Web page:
Commonwealth v. Ulatoski

Annotate this Case

472 Pa. 53 (1977)

371 A.2d 186

COMMONWEALTH of Pennsylvania v. Gerald Frank ULATOSKI, Appellant.

Supreme Court of Pennsylvania.

Argued September 24, 1976.

Decided February 28, 1977.

Rehearing Denied April 1, 1977.

*54 *55 *56 John J. Hudacsek, Jr., Beaver Falls, Arthur S. Herskovitz, Aliquippa, Anthony J. Lalama, Pittsburgh, for appellant.

Joseph S. Walko, Dist. Atty., Joseph M. Stanichak, Layden C. Sadecky, Asst. Dist. Attys., Beaver, for appellee.



ROBERTS, Justice.

Appellant Gerald Frank Ulatoski was tried for the murder of his wife Joyce and convicted by a jury of murder of the third degree. Post-trial motions in arrest of judgment and for a new trial were denied by the court en banc. In this appeal,[1] appellant's sole contention is that he is entitled to a new trial because the testimony of three prosecution witnesses, which was offered to show the existence of marital discord in the Ulatoski household, should not have been admitted over his objection. We hold that the trial court did not abuse its discretion in admitting the testimony and affirm the judgment of sentence.

The facts of this case are correctly set forth in the trial court opinion:

"The testimony established that on February 4, 1975, at 3:28 A.M., a police officer of the Economy Borough Police Department and some officers from surrounding areas arrived at the home of Gerald and Joyce Ulatoski after a call to the Economy Police Department that a shooting had occurred at that residence. At the time the police arrived, the defendant, Mr. Ulatoski, was standing at the door, fully dressed and with his hair neatly *57 combed. He directed the officer into the nursery where the body of Joyce Ulatoski was lying on the floor near the baby's crib. On the floor about two feet from the victim's head was the gun with which she had been shot. The police officer examined Mrs. Ulatoski and could find no life signs. At that time the defendant was placed under arrest and advised of his constitutional rights. At that time the defendant gave a statement to the police as to how the shooting occurred. He said that he had arrived home at 10:00 P.M. from his part time job. He said he had been fooling around with a .22 caliber pistol at the kitchen table while he and his wife were having a discussion. He said, "not a fight, but a discussion." The defendant told the police that the baby started crying and his wife went into the baby's bedroom. He told the police that he just stepped into the baby's bedroom and the gun went off. The defendant also told the officers that the gun had a fine trigger. He also said that he used the pistol for target practice and sometimes just got the gun out to play with it.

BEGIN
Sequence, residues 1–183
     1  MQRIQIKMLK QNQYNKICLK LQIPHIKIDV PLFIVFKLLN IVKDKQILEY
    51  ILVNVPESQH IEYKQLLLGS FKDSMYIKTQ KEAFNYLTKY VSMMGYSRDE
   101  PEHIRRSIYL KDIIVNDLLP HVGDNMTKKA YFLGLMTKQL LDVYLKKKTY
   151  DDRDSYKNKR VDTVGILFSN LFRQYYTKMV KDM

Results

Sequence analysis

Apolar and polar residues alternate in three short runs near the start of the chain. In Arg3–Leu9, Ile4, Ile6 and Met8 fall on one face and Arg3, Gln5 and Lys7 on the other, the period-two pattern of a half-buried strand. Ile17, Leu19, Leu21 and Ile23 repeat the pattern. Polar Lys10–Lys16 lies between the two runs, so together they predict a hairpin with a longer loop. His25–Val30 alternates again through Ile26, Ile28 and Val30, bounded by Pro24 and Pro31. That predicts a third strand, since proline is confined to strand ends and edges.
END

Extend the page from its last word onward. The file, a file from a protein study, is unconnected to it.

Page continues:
"The defendant's testimony at trial differed from the statement which he gave to the police officers at the scene of the shooting. At trial the defendant testified that he followed his wife from the kitchen into the baby's room with the pistol in his hand. He testified that the baby was laying in the crib and his wife was leaning over doing something with the baby; that as he walked up to her she turned toward him. At that point the gun went off, and his wife fell to the floor.


"It was established by a State Police firearms expert that the fatal bullet came from the weapon found near the body, and that the weapon was in good working order. Two experts testified that the weapon would not fire with the safety on and that the trigger had to be pulled in order for the weapon to fire. It was also established that the gun would not discharge accidently.

*58 "The Commonwealth also presented evidence by a qualified gunsmith who had examined the weapon and stated that the internal parts showed no signs of wear and tear and that the gun could pass for a new weapon. He further testified that he had tested the trigger pull of the weapon and that it had an average, not a light trigger pull.

"The Commonwealth called as a witness, Ralph Plankenhorn, who is a forensic chemist with the Pennsylvania State Police. Mr. Plankenhorn testified that he and Trooper Mayfield, the firearms expert, had conducted certain test firings on a piece of cloth taken from the robe that the victim had on at the time of the shooting. They conducted these test firings in order to duplicate the entrance hole in the front of the garment. In one test the muzzle of the gun was approximately one inch from the fabric while in the other test the muzzle was against the fabric. The same pistol and the ammunition with which Mrs. Ulatoski was killed were used in the tests. Plankenhorn testified that he examined the robe which had been worn by the victim and that the imprint of the muzzle of a pistol appeared on the robe and the muzzle of the weapon found at the scene fit that imprint. He testified that you could see the muzzle imprint on the robe without using a microscope. He also testified that on the basis of the analysis of the garment and his test firings of the weapon, it was his opinion that the muzzle was against the robe when the weapon was fired. It was also established that there was a tear in the back of the victim's robe and nightgown. The chemist expressed the opinion that if the body was against a solid surface, such as a wall, the bullet would stretch the skin enough so that the cloth would be torn by the bullet. He said that these tears could have been made even if the bullet had not exited the victim's skin.